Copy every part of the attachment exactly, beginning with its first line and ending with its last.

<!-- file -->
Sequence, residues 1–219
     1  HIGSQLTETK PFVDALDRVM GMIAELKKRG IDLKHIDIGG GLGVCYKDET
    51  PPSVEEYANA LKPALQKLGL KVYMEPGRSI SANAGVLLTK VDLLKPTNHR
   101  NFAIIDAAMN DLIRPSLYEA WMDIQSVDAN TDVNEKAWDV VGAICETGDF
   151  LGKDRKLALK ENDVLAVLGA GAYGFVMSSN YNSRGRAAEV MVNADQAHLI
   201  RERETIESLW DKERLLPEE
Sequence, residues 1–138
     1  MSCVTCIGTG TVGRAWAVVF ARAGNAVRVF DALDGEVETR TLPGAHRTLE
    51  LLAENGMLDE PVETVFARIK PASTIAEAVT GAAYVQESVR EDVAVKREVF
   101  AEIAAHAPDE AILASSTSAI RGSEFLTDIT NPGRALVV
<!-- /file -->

Sequence, residues 1–219
     1  HIGSQLTETK PFVDALDRVM GMIAELKKRG IDLKHIDIGG GLGVCYKDET
    51  PPSVEEYANA LKPALQKLGL KVYMEPGRSI SANAGVLLTK VDLLKPTNHR
   101  NFAIIDAAMN DLIRPSLYEA WMDIQSVDAN TDVNEKAWDV VGAICETGDF
   151  LGKDRKLALK ENDVLAVLGA GAYGFVMSSN YNSRGRAAEV MVNADQAHLI
   201  RERETIESLW DKERLLPEE
Sequence, residues 1–138
     1  MSCVTCIGTG TVGRAWAVVF ARAGNAVRVF DALDGEVETR TLPGAHRTLE
    51  LLAENGMLDE PVETVFARIK PASTIAEAVT GAAYVQESVR EDVAVKREVF
   101  AEIAAHAPDE AILASSTSAI RGSEFLTDIT NPGRALVV